Gleaned from sources as close as local book stores and estate sales, to as far away as London, England, this site has them all. Rare, unpublished or seldom published images are here by the dozens, gathered for one purpose, telling the story of Utah's mining history like never before! Creation of this site shows that a milestone has been reached and the publishing phase of this work begun.  This new effort however, in no way diminishes or completes the other. The quest to locate material and document Utah's sites goes on.
Finally, while this is not a forum for debate, as this is my page, my "soapbox" if you will, I would ask you to contemplate two things of many that I could point out:
Something to ponder... 
1)  To me, it seems that many find it politically correct to embrace the notion that mining in any form, anywhere, anytime, was then, and is now, evil. A reality that is not worthy of anything but distain. Strangely, I have found a number of these same "enlightened" individuals cannot wait to go hiking, snowshoeing, or cross county skiing on the many beautiful canyon trails that cover the Wasatch Front and other ranges. Trails, that in most cases originated with sawmill operators providing lumber to the city and the mines, or as pathways blazed and somewhat improved by the miners to access workings in the upper canyons.
2)  In Utah, along with the Federal Government, it seems that millions can be spent in trying reclaim land, mitigate damages (real and perceived), and outright destruction of historic mining structures, with impunity. All in the name of the public good. Yet, it is almost impossible to obtain even the smallest amount funding to help preserve these historic structures. (Ask any historical society that has tried.) Embracing these structures that could be historic landmarks and tourist draws seems a much better option. This approach has been used very successfully in the areas around Cripple Creek, Victor, and Leadville, Colorado, as well as other locations in Montana, Nevada, Arizona, New Mexico, and California.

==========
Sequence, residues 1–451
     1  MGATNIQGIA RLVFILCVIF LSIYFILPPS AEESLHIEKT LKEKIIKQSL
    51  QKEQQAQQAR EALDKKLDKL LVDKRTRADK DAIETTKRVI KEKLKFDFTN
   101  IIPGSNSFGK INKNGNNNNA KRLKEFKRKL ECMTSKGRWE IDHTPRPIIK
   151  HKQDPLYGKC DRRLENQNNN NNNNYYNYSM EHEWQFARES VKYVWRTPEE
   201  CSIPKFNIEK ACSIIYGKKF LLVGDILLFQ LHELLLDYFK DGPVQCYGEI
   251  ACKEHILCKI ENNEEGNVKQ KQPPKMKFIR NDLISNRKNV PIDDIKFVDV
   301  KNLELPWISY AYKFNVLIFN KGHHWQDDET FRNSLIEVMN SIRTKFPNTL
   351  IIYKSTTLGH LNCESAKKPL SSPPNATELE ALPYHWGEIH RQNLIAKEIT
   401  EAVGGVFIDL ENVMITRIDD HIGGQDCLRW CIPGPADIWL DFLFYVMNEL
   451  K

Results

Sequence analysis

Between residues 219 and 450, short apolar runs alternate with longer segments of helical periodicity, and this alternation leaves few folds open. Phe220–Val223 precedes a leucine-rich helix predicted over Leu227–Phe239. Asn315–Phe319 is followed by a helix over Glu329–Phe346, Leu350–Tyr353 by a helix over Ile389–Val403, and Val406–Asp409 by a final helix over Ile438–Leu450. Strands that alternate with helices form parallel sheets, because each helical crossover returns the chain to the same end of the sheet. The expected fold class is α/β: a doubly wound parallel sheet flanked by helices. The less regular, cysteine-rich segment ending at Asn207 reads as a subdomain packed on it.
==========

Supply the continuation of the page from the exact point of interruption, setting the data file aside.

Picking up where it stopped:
The only place in Utah that I have seen anything close to this kind of approach is Bullion Canyon near Marysvale, and to a lesser degree, the efforts at Eureka. What they did in Bullion Canyon is great and should be duplicated in other locations throughout the state. The massive reclamation at Eureka resulted in a great access to some famous mining sites. Sadly, little or no stabilization or preservation of those structures has taken place. They are the reason for the improved access. They are the things that people are wanting to see. Yet, they are left to deteriorate. This includes my personal favorite The Eagle & Blue Bell mine just south of town. But this is an argument for another time and another place. In today's economy, it seems a more impossible task than ever. Higher priority items will and should be addressed first.
As I step off my soapbox and draw this introduction to a close, I hope I have been able to communicate my passion and my desire to continue this quest. Documenting for posterity as many historic mining structures and all the related material I can find before they are gone and lost forever. In closing may I repeat the old saying,
"A picture is worth a thousand words." 
Here is my picture and those unspoken thousand words. The same view as above taken in 2006. 


Return to top of this page.